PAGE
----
Annie W. Morgan, a defense attorney, portrayed the Saudi prisoner as a broken man at the time of his interrogations in 2007. He had already been interrogated 200 times in CIA custody and had no reason to believe that “another American in a different polo shirt” coming to question him wouldn’t hurt him.
“There is nothing voluntary when you judge the totality of the circumstances,” Ms Morgan said.
She reminded the judge that Mr. Nashiri’s interrogation by several interrogators – so-called clean teams – at Guantanamo took place in 2007 at Camp Echo, the same facility on the US naval base that had previously served as a secret CIA prison, a black site.
Mr. Nashiri was held there in 2003 until he was “expelled from Guantánamo Bay for behavioral problems,” she said. He was sent as punishment to another CIA black site, this one in Europe, and “was raped,” she said, referring to the time a CIA employee shoved a breathing tube up his rectum during a discredited medical procedure. Four months after his return to Guantánamo in September 2006, the FBI conducted the interrogations at Camp Echo, which had been converted for military use.
The judge asked for testimony and documents from 2006 and 2007 that portrayed the prisoner at the time as projecting free will, sometimes belligerent, controlling the pace of interrogations and aware of his rights.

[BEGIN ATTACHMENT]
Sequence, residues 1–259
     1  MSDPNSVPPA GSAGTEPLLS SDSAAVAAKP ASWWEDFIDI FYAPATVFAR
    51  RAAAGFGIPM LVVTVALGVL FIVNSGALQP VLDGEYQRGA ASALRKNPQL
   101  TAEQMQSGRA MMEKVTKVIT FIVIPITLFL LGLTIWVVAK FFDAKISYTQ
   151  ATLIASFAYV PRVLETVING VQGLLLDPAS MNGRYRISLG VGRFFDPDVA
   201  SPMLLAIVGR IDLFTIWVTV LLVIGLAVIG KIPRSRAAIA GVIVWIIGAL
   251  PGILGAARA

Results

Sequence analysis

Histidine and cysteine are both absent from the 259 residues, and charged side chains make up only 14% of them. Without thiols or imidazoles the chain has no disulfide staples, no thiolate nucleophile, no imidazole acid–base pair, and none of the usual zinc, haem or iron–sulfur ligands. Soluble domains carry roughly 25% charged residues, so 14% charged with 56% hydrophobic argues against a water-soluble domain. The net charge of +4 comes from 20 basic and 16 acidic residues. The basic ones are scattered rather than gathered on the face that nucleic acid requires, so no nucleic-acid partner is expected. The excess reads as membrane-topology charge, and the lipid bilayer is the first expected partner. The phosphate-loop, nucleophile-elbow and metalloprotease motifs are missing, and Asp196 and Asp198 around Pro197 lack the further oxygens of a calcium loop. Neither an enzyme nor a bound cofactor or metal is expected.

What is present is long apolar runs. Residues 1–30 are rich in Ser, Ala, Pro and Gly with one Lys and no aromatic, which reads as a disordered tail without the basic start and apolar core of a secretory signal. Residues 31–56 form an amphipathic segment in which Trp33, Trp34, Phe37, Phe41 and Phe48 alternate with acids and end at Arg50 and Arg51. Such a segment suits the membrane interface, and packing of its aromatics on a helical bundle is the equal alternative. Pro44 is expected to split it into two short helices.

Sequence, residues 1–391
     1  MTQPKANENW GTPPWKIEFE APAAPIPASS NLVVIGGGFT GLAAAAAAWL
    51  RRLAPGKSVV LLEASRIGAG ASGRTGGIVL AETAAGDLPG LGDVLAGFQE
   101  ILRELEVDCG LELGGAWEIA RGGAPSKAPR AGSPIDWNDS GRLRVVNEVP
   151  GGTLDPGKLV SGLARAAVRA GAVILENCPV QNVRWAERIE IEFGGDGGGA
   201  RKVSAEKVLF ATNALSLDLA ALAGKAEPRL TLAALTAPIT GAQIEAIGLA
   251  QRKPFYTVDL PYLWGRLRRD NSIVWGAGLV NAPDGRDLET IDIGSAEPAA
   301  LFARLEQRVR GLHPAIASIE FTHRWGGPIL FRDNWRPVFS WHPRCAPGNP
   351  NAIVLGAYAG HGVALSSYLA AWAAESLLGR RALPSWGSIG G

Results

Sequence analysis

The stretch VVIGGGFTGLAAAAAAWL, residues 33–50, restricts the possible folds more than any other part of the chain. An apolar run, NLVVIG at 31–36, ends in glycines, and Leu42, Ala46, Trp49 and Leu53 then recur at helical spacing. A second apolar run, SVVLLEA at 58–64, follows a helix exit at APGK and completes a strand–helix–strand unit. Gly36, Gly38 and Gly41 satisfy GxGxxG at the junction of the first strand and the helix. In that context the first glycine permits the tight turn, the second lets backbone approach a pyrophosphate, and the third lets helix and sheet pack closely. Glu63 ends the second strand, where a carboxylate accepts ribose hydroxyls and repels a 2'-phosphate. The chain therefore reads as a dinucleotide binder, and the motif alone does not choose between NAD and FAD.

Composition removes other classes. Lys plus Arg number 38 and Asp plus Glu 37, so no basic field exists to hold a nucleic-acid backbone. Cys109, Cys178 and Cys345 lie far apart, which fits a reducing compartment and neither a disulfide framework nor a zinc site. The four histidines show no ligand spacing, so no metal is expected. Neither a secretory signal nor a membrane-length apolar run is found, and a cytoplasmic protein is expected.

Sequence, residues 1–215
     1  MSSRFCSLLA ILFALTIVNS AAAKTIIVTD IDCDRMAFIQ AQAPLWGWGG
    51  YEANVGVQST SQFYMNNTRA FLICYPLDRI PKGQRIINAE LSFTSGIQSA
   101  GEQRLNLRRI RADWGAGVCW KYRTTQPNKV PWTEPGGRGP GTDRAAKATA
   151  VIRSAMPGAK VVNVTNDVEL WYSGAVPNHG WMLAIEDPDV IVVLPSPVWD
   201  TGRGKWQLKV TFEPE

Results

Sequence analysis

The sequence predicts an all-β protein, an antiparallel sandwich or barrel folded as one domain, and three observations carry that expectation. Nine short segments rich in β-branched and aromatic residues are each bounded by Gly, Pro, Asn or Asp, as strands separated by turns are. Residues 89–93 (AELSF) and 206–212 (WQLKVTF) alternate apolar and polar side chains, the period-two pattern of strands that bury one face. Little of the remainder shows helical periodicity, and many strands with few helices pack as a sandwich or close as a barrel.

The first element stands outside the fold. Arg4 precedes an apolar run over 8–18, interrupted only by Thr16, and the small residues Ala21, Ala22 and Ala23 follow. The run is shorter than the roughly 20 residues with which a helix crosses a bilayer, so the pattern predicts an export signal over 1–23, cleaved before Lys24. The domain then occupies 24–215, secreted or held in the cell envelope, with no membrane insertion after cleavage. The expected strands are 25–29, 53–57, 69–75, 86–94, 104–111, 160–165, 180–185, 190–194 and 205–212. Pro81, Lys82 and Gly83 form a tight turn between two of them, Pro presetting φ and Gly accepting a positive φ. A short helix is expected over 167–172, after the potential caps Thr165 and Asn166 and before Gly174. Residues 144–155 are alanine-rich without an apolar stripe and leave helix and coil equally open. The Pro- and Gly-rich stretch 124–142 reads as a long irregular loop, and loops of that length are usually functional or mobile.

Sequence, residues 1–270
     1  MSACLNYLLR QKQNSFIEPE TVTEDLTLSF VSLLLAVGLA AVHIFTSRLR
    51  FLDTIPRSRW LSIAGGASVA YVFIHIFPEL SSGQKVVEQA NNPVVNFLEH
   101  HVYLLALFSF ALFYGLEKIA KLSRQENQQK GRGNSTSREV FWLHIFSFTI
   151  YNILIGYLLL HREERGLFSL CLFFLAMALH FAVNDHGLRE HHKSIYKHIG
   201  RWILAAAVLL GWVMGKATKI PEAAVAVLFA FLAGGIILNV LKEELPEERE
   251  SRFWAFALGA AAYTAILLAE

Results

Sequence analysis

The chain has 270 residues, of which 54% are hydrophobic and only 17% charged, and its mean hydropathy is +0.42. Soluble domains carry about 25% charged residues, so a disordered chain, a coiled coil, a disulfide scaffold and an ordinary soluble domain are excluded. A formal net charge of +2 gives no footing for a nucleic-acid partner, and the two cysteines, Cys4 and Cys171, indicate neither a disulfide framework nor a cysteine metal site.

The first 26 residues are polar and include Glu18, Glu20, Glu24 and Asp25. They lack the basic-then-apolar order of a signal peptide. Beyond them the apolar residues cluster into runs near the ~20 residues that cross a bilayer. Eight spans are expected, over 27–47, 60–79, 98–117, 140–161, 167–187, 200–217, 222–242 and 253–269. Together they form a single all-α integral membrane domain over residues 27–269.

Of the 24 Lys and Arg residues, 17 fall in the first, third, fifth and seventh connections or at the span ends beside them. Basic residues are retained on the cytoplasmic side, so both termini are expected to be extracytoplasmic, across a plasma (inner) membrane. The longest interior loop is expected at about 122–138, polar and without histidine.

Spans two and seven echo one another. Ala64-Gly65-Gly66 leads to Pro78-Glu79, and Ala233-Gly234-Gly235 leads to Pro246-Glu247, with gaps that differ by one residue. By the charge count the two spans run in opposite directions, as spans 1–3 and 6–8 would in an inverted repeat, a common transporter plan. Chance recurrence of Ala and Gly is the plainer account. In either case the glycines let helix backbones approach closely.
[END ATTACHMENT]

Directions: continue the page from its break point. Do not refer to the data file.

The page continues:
Ms. Morgan pointed to the recent revelation by the US government of a classified cache of videos of Mr. Nashiri who was forcibly removed from his cell in 2006 and 2007. “This is someone who has given up,” she said. Some videos were shown in court on Friday in a secret part of the closing argument that excluded both the public and the defendant.
She also cited a recently disclosed 2004 CIA “exploitation plan” that described Mr Nashiri as unable to hold a conversation, struggling to answer yes or no questions and showing signs of dyslexia.
A key point of the question facing the judge is the principle of attenuation, how to get a clean confession after a coerced confession. Mr. Ryan said the 2007 “clean team” interviews at Guantanamo met the legal standard of a change in time, change in place and change in identity of the questioner.